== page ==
How important are these three elements to Microsoft’s success in this space:

  • Windows Core OS: As I briefly mentioned above, Windows is a 30 years or so OS with millions of lines of code, features, functions and components that may not be used today. To support billion plus users that include Enterprises and consumers it must include backward compatibility for its most important user base, the Business. But Microsoft has been working to make Windows modular, or look at it from the point of blocks, LEGO blocks. The must have blocks or the Core OS is constant. But on top of it, you can remove or add different blocks to form something new. In this case, you can add components on top of Core OS to support a desktop/laptop, Xbox console, a smaller/mobile like form factor and get rid of components that are not required for that specific form factor. This makes Windows 10 a lot lighter.
  • Windows 10 on ARM: I’ll not write on this much but rather refer you to my recent article titled, Windows 10 on ARM“. Briefly, Microsoft have been working on Windows 10 to run on ARM processors. That means, it can run on the same processor that powers most of the current mobile devices, like the iPhones and Samsung Galaxies.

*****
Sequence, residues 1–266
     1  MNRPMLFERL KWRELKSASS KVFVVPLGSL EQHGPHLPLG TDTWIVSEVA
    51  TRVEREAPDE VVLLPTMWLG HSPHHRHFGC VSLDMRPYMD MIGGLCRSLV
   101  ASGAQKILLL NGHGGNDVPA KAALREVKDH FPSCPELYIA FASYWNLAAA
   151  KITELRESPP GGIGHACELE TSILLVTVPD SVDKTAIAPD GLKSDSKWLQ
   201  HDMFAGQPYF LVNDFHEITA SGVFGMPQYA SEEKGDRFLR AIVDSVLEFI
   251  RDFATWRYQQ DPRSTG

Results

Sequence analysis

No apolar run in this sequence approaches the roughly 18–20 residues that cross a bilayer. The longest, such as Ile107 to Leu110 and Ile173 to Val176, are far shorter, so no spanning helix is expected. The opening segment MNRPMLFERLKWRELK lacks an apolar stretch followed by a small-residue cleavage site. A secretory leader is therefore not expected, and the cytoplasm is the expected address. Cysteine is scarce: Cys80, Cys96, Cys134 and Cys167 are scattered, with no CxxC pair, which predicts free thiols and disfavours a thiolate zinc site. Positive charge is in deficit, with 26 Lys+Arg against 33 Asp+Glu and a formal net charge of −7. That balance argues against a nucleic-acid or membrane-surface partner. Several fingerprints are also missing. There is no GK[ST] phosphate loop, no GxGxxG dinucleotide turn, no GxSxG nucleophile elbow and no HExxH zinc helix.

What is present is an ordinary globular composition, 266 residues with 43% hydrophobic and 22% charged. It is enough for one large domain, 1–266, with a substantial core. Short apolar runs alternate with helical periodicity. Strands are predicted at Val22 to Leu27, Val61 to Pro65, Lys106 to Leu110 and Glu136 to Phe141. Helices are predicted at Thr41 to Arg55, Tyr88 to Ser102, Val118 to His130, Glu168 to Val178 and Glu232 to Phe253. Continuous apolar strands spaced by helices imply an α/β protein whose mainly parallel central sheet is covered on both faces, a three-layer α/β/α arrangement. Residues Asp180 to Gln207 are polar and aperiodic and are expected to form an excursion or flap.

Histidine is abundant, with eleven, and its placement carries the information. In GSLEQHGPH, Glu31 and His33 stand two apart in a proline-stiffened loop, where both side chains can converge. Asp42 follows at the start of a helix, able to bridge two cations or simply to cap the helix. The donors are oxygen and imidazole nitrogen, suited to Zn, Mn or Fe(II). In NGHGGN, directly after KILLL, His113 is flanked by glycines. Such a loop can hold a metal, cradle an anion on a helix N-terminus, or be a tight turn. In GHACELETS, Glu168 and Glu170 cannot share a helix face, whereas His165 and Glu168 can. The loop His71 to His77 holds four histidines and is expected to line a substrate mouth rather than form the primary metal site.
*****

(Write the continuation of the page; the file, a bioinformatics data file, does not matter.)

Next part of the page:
• Universal Windows Platform (UWP): Introduced with Windows 10 in 2015, is a platform to create applications that can run on various Windows 10 devices, including Windows 10 PCs, Windows 10 Mobile, Xbox One, HoloLens and Surface Hub. Like iOS applications are available through AppStore, UWP apps are also available through Microsoft Store (formerly Windows Store). Microsoft Store lacked blockbuster apps from the time it was introduced, but today things are a bit better. Some of the popular apps in the Store include, Adobe Photoshop Elements, Affinity Designer, Facebook, Pandora, Spotify, iTunes (coming soon) and Netflix. Games such as Forza Horizon, popular Minecarft, Cuphead, Halo Wars 2, Quantum Break and ReCore. Note, not all applications mentioned here can run across all devices.

All they need is a category defining hardware. If the reports are true and Andromeda or perhaps Surface Phone is eventually released towards end of 2018 then I see the light on the other side of the tunnel. I am sure Microsoft will not market this device as a phone to replace your iPhone. But a computer that can fit in your pocket running Windows 10, that can run Word, write notes and journals (OneNote) with a Pen, make calls and SMSs with a cellular/LTE connection. Maybe, connect to a dock and the little device transforms into a full blown computer running Windows 10.

2018 is a very interesting and exciting year for Microsoft. Windows 10 on ARM will get better, new form factors supporting true potential of Windows 10 on ARM will release through Microsoft OEM partners. Windows 10’s new version should be releasing Q1 of 2018, dubbed Redstone 4 (article coming soon). Finally, the year should end with Surface Phone or Andromeda device.

Let me know what do you think about the Andromeda concept by commenting in this article or: